As Syracuse University’s class of 2020 received their degrees, Kevin Richardson also received his honorary undergraduate degree Sunday. Richardson was one of the Central Park Five wrongfully convicted for the brutal attack on a jogger in Central Park in 1989. His dream of attending SU and playing basketball was taken away from him.
As a 14 year-old boy, Richardson had so many hopes and dreams; one of which was to attend Syracuse University. But one night changed all that.
“Being 14, you know I was just scratching the surface, just getting to that age and being curious,” Richardson said. “That day was my Easter vacation. It went from joy to literally hell. To see that transpire so fast, I always say I was in a nightmare and I didn’t wake up from it."
Richardson and four others were wrongfully convicted for the attack and rape of Tricia Meili who was jogging in Central Park on April 19, 1989. He spent years in prison for a crime he didn’t commit.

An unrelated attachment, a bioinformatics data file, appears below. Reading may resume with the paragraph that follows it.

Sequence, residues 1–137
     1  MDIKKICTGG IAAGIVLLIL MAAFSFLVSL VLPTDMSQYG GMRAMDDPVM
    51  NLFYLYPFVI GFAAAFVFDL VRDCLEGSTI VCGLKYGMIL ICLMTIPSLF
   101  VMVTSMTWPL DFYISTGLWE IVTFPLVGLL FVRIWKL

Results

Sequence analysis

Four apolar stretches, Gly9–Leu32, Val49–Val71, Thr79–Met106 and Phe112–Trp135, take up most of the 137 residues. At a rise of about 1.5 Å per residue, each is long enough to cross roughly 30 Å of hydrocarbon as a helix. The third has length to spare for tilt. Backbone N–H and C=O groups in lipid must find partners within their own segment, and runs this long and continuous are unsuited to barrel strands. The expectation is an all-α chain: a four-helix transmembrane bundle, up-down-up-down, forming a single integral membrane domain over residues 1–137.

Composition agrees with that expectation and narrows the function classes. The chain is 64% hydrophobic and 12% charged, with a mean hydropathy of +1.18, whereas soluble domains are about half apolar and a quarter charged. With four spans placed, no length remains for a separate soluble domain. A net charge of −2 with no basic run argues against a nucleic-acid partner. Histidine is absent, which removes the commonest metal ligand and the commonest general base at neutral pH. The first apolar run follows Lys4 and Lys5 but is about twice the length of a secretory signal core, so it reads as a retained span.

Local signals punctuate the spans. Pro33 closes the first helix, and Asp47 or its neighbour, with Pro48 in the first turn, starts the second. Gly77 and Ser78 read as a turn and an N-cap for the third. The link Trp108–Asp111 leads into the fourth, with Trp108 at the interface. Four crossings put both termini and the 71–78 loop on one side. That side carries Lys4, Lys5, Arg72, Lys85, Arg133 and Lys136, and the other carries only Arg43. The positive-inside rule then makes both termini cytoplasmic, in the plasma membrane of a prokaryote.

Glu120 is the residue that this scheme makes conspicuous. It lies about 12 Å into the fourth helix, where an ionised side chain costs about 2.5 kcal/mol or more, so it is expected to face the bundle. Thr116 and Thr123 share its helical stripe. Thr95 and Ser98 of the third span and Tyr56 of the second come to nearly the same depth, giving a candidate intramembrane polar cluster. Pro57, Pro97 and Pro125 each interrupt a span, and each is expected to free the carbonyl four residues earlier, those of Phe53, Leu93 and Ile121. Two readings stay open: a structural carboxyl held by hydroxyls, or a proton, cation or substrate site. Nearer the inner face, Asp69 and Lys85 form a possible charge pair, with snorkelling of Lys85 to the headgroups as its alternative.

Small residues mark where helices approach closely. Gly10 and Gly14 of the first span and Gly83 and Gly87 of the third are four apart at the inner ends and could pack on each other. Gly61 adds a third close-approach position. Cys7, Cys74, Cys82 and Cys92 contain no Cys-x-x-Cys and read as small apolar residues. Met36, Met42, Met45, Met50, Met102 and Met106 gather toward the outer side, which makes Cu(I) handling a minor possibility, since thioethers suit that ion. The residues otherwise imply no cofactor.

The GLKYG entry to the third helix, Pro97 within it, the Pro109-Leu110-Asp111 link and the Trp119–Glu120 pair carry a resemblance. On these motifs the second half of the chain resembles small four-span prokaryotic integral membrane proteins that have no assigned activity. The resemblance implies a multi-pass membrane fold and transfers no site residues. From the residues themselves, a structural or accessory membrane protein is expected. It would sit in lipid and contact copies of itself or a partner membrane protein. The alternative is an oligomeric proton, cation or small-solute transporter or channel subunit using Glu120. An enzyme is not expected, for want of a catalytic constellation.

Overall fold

“When I came home, I was 23 years old,” Richardson said. “But I lost all those precious years that we have like being on campus, going to class, walking with your fellow students.”
Richardson loved to play the trumpet and he loved basketball; talents he hoped to grow at Syracuse University.
“At 14 I always visioned being here,” Richardson said. “You know, like physically being here. That was a dream that I always thought of but I never thought I would reach it.”
In 2002, Kevin and the four other men convicted were exonerated after the real attacker, Matias Reyes, came forward.
“It was a monkey off my back,” Richardson said. “We received a law suit, but money doesn’t change that we lost those years. So just for people to know that we were telling the truth back then. We were screaming but our voices were like whispers to the world. “
Richardson can finally say he is a part of the Orange family. He is the first to receive the honorary undergraduate degree at SU.
“I never thought this day would come because unfortunately things happen," Richardson said. "You know death, COVID, things of that nature. So I really want to cherish the moment.”
Now, being a father of two girls, ages four and 13 he wants them to have all the opportunities he didn’t. He says his 13-year-old also wants to attend Syracuse University.
That one night may have changed Richardson’s life, but he is now redefining his purpose.